Plum & Prune Trees
PRUNE: When completely dormant in December or January. European varieties need only a light pruning and thinning. Japanese varieties should have one-quarter to one-half of current season’s growth removed. To identify fruiting wood, see our Fruit Tree Pruning Information Sheet. Prune again in late June or early July. Remove the strong, vigorous shoots from the interior of the canopy to improve light penetration and air circulation.
SPRAY: Dormant spray in December or January after pruning with Master Nursery Pest-Fighter Year-Round Spray Oil and Liqui-Cop. Mix at the rate of 4 Tablespoons of Liqui-Cop with 6 Tablespoons of Horticultural Oil in one gallon of water. The copper product must contain at least 30% copper.
Always check with your nursery professional to properly diagnose problems
before undertaking additional sprays.
Pruning: Prune to allow good ventilation.
Sanitation: Remove and destroy affected buds and blossoms during bloom. Remove and destroy maturing fruit when symptoms appear. In August or September, remove and destroy mummies and fallen fruit. Do not compost.
Irrigation Methods: Use basin or drip irrigation to avoid wetting blossoms, foliage and fruit.
BROWN ROT OR BLOSSOM BLIGHT (Different names for the same disease):
- Symptoms: Brown rot is the most common and serious blossom and fruit disease of stone fruits. The first symptom is the browning and withering of blossoms. Dead blossoms often cling to twigs for a long time. Sunken brown areas called cankers may develop around twigs at the base of infected flowers. Sticky, amber colored droplets of pitch may develop at the base of infected flowers or from the cankers.
- Control: Spray trees with Liqui-Cop before flower buds swell and again at pink bud stage. Do not apply Liqui-Cop after pink bud stage or when trees are in leaf OR spray with Chlorothalonil (Bonide Fung-onil) at pink bud and again at full bloom stage. If cool, moist weather persists, a third application will be needed at petal fall. Prune to allow good ventilation. Remove infected twigs, dead flowers, infected fruiting wood and branches as soon as they become evident. Do not compost.
Bacterial canker, or bacterial gummosis, or bacterial blast (Different names for the same disease)
During the fall, winter and spring, large quantities of bacteria containing gum ooze from the cankers. Splashing rain spreads the bacteria to dormant buds, twigs and branches Infection occurs through wounds in these parts and causes new cankers to form. The oozing gum has a sour smell. Infected blossoms turn brown and wither; some leaf and flower buds may die. Other branches may fail to produce foliage and later die. There is no effective remedial spray available to home gardeners. The winter dormant spray may help. Otherwise, removal of infected wood and flowers is the only treatment.
- Sanitation: Remove and destroy infected buds and blossoms during bloom. Remove and destroy maturing fruit when symptoms appear. In August or September, remove and destroy mummies and fallen fruit. Do not compost.
Spray: Watch for aphids when new leaves are one-half to one inch long. Spray with Malathion or Sevin. Less toxic sprays include Safer Insect Killing Soap and Take Down Garden Spray. Use Master Nursery Pest-Fighter Year-Round Oil as a dormant spray only, as described above under ‘SPRAY.’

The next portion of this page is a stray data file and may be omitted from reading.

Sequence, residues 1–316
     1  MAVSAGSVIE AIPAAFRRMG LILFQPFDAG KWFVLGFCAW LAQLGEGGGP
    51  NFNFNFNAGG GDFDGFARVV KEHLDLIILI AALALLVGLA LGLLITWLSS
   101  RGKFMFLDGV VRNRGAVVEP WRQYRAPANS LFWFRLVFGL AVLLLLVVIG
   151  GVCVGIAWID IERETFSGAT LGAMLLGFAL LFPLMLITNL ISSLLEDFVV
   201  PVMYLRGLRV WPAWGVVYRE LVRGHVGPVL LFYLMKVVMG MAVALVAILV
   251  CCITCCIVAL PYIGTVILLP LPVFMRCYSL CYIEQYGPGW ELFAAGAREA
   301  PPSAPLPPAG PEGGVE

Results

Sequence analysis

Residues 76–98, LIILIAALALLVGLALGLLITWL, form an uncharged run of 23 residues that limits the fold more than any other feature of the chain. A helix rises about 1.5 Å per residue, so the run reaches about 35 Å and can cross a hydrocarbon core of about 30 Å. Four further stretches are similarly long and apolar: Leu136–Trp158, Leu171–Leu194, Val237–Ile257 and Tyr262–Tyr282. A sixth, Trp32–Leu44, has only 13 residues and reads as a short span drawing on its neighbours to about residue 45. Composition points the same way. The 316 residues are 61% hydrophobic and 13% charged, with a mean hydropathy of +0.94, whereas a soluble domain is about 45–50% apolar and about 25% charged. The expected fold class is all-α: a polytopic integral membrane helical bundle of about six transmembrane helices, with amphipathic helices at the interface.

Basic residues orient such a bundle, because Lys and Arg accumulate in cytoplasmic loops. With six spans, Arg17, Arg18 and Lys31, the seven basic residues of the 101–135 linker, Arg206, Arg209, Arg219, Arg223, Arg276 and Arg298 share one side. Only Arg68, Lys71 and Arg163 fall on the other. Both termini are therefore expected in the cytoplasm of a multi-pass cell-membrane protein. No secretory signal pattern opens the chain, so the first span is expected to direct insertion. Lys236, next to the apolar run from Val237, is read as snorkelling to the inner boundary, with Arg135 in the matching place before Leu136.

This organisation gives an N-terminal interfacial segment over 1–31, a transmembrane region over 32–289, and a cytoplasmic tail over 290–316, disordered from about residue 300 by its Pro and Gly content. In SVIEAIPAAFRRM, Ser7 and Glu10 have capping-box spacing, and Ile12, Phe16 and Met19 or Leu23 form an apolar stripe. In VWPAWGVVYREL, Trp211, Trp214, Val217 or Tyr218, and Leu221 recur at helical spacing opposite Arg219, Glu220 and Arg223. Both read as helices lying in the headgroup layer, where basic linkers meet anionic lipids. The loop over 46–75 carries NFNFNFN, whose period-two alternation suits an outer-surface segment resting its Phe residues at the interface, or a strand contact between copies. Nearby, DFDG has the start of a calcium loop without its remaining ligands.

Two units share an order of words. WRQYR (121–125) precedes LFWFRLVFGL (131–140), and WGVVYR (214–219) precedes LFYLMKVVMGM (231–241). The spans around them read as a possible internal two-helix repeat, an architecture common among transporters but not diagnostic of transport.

Beneficial Insects: Set out Ladybugs, Lacewings or Praying Manti through the summer. Best when yard has nectar-producing flowers which attract adults to stay in area. Soldier beetles will appear naturally to feed on aphids.
FERTILIZE: Use Master Nursery Fruit Tree & Vine Food twice a year, around Memorial Day and Labor Day. If you prefer organic fertilizers, use Dr. Earth Fruit Tree Fertilizer two to three weeks earlier. Water in immediately after application. Supplement organic fertilizers with Iron Sulfate to prevent chlorosis. Apply near drip line of tree.
WATER: At planting, construct a soil berm at the drip line of the tree. As the tree matures, extend the berm to the span of the dripline. Flood weekly during the first year and then at 2 to 4 week intervals when the tree is mature. If a drip system is used, place hosing along the tree’s dripline with emitters on 18 inch centers.
This system will also need to be adjusted as the dripline expands. Both flood and drip irrigation are preferable to sprinklers, since they reduce water splash, a common byway of fungal spores. If sprinklers must be used, adjust heads so that they angle water low and away from the trunk. Keep in mind that a large, mature tree may consume up to 30 gallons of water per week in July and August and September.
FRUIT THINNING: When fruit reaches about one-half to three-quarters of an inch in diameter, thin to about 4 inches apart.
OTHER COMMENTS: Many Plums are not self-fruitful and require a pollenizer to ensure good crops. Check with one of Wegman’s staff to determine your needs.
Oozing, of clear sap or gum from branches is usually harmless, but amber-colored gum on twigs and tree trunks may indicate the presence of borers or fungus. Bring several leaf and twig samples to Wegman’s Nursery for evaluation whenever these or other symptoms appear.
To prevent sunburn injury and to reduce borer infestations, paint trunks and lower branches of young trees with a one to one mixture of white interior latex paint and water. Apply the paint mixture from 2 inches below the soil surface to three feet above or to the first scaffold branches.
Adapted from Ogawa and English (1991), Diseases of Temperate Zone Tree Fruit & Nut Crops, UC Extension Publication 3345 and Flint (1998), Pests of the Garden and Small Farm, 2nd Ed., UC Extension Publication 3332.